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M

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[Warning: The following deals, in part, with “ethics” issues and may not be suitable for the young or fainthearted.]

Saved from the immediacy of purchasing a new spey line, I can now spend the $160 - with a little help from like friends - on a “light” spey rod. (According to most indices, I may well be alone in my efforts to spur the American economy with deep pocket spending.) Anyway, much as I would like one, do I really have a need?

In particular, I have been hot for a certain 6/7 wt. that is realistically priced and affordable. I have a spare reel. So, for less than $350 out of pocket for the rod and line, I could be swinging away, but…

Is it ethical for the waters I fish? Clearly the sentiment of my fellow fly-fishers in the PNW is that this rod would be too light for steelheading. In general I agree, though I am not totally convinced when the fish are of hatchery origin. (I am, or was, totally devoted to C&R until I was convinced of the need to remove these brats from the run by any means legal to minimize interbreeding with wild fish.) So what would one do? Not fish at all or fish for the Sea Run Cutthroat and Dollies using light tippets, sans fluorocarbon line, and purposefully breaking the big ones off, possibly one of those brats? Remember – An ethical person tries to do what’s right and, if that is not possible, to at least do no wrong.

Further, thinking more in the 6 wt. category, is there any place for lake fishing nymphs for large trout with such a rod? And what would be the technique, shoot & strip overhand style?

You guys willing to talk about it?

mmm
 

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Takes some thought...

Obvious answer: EVERY fly fisherman needs another new rod!

Hi. I too had the same dilemma. The 6-weight that I ended up with has good backbone so I can "put the wood" to steelies up to ten (or so) pounds. As the Great Lakes trib locally run 6 - 10 lb. steelies, it works great. I did catch a 20-lb. lake-run brown on this rod, and got him in quickly (only about 10 minutes - it seemed like 2 lifetimes!). He recovered very quickly, and seemed to take off none the worse for wear.

The old rule of "a minute a pound" to bring 'em in is a good one. So, my answer is it depends on the rod and how much backbone it can take. And, to be sporting, you can always "break 'em off" if it is taking too long so you don't overly stress them.

Yeah, with a "short" spey rod, you can overhead cast nicely. (Mine is 11"3") - for my fishing methods and smaller streams, it works very well.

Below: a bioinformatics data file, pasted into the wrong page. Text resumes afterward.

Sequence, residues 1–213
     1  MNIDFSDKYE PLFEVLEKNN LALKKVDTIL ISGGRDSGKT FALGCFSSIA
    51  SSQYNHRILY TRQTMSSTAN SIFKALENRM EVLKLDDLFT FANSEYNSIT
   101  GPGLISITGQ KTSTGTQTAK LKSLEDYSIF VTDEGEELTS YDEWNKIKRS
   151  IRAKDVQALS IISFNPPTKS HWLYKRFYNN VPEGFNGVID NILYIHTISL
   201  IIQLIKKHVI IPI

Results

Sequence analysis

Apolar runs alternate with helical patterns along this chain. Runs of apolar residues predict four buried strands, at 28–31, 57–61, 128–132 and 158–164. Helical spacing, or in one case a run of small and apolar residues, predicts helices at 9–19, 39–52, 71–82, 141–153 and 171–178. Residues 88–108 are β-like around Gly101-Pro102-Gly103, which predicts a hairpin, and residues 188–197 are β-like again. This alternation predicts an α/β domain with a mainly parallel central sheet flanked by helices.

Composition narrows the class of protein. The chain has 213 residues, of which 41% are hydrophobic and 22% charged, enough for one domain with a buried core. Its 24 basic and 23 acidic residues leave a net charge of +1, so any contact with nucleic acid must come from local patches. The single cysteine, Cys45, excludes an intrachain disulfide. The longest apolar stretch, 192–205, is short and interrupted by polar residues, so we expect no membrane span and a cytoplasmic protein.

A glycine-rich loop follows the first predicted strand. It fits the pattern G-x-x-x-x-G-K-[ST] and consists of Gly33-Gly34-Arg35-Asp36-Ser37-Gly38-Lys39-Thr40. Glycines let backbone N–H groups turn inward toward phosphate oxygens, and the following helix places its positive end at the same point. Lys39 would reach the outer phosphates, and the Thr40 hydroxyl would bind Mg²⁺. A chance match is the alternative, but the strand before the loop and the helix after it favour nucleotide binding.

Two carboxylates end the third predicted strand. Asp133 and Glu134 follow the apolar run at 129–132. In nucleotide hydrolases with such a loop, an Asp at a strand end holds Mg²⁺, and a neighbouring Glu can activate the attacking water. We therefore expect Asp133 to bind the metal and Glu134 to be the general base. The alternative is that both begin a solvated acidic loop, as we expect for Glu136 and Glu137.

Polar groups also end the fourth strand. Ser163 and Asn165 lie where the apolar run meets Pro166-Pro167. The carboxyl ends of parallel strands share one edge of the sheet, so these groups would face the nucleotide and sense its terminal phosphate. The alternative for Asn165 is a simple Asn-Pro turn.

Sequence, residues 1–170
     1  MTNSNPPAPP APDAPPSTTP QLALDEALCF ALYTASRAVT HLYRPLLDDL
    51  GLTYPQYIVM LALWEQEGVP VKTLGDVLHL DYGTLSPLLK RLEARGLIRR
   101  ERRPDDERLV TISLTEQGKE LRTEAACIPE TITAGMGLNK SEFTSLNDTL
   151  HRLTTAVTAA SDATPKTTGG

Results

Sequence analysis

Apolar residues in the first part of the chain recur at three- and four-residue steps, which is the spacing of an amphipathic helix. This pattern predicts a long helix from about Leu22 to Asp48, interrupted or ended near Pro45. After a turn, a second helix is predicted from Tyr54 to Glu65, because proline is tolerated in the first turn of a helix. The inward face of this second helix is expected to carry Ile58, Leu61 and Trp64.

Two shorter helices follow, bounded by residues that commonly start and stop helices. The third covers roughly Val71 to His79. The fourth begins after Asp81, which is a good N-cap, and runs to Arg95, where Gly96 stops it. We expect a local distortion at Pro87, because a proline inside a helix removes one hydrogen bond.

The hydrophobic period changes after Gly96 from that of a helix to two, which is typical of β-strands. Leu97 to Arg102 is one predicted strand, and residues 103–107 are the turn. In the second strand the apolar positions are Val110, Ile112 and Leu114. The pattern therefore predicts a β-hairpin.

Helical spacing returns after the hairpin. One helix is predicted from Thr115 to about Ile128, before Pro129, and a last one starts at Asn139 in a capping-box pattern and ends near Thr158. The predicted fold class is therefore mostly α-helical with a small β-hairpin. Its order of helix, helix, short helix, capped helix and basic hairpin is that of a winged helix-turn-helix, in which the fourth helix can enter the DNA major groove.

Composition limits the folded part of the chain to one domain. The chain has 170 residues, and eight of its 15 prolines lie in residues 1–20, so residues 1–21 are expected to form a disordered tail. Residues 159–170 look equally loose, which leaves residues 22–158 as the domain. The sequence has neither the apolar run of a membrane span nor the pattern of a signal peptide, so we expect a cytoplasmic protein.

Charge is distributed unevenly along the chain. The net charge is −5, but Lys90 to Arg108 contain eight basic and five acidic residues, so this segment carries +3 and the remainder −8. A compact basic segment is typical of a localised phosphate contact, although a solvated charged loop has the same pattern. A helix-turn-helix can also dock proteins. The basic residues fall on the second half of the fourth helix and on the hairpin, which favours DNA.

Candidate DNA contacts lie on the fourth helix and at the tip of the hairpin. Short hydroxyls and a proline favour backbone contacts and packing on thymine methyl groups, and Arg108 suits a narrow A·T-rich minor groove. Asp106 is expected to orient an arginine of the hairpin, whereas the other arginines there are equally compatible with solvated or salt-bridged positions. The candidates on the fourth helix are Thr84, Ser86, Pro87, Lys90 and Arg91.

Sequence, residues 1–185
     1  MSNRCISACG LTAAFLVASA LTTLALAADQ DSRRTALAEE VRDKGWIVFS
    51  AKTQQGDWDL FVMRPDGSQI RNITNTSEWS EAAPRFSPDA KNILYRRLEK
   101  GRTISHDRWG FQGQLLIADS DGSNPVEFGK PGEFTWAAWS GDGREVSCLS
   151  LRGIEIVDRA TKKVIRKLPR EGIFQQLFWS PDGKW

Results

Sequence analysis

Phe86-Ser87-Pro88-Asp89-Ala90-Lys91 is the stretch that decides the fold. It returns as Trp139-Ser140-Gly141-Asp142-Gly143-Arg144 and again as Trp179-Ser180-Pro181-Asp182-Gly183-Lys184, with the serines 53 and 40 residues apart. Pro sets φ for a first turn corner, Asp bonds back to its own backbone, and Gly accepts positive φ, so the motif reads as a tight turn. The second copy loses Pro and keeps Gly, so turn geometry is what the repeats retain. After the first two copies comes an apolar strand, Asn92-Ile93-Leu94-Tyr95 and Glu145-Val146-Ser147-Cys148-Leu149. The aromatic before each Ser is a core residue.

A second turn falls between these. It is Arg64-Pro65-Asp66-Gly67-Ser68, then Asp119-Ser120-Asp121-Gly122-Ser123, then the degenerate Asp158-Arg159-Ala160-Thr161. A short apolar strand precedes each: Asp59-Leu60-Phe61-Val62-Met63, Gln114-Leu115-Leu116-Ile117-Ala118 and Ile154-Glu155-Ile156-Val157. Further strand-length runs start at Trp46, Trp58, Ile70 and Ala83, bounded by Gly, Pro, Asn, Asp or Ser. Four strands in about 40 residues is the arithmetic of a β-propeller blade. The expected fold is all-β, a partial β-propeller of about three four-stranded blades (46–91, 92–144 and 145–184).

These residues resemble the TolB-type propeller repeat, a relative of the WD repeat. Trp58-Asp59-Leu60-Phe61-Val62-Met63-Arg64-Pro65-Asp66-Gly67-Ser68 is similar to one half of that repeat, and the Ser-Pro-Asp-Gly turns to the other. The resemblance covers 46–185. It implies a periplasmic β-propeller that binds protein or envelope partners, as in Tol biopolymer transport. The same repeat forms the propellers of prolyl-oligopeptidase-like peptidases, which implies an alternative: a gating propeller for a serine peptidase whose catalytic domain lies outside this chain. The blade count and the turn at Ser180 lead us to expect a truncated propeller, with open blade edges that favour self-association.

BobK
 

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Relapsed Speyaholic
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MMM,

Good question and I comend you for asking it. Based on what I know of your wishlist and the areas you fish, I would think you are probally safe in pumping that tax refund right bloody hell back into the economy. GW would be proud of you :)

All jokes aside, I spent some time on the phone the other night with the North American distributor for a new speyrod line. I was asking him his thoughts on their base level 6/7 spey and its usefulness for trout. He confirmed my suspicion that this model might be a bit much for 14"-18" trout but would be a fantastic rod for up to average sized PNW hatchery summer runs. These are the 6-10# fish Bob mentions above.

As long as you are not chasing Sauk/Skagit Spring nates or Thompson or Skeena summer runs, you should be fine.

st
 

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You know I was thinking along those same lines. Do I really need another rod. I have 6 rods now and one more wouldn't be such a big deal. But I ask myself do I really need one.I'm kind of thinking along them lines of getting a Spey rod. One of them new ones CnD I think is what it's called. But,But Is it going to be a rod that I will get alot of use out of or is it going to just sit there and collect dust like a few of my others do. I don't fish many big rivers and most of what I do I can reach with a single hander. Like my 8wt which I only fishin the winter. And I prefer to use a 5 wt in the Spring and summer. I guess I need some one else to make up my mind for me.
 

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Coast2coast Flyfishaholic
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(Tounge in cheek)
Even if you are a minimalist angler, you must have a summer greaseliner that can handle light tips and an authoritative winter rod for big rivers, flies and fish. Even within these you have the long belly broad coverage scenarios and the crisp summer tribs, two rods in summer at least. Then in winter, the economy of effort and effectiveness of Skagit style casting hardly warrants a big rod, but there are those rivers that beg for 15, 15.5 or 16' 7" of aerospace graphite to reach the seam. An efficient structure seeker rod and a big game spey machine are in order for winter.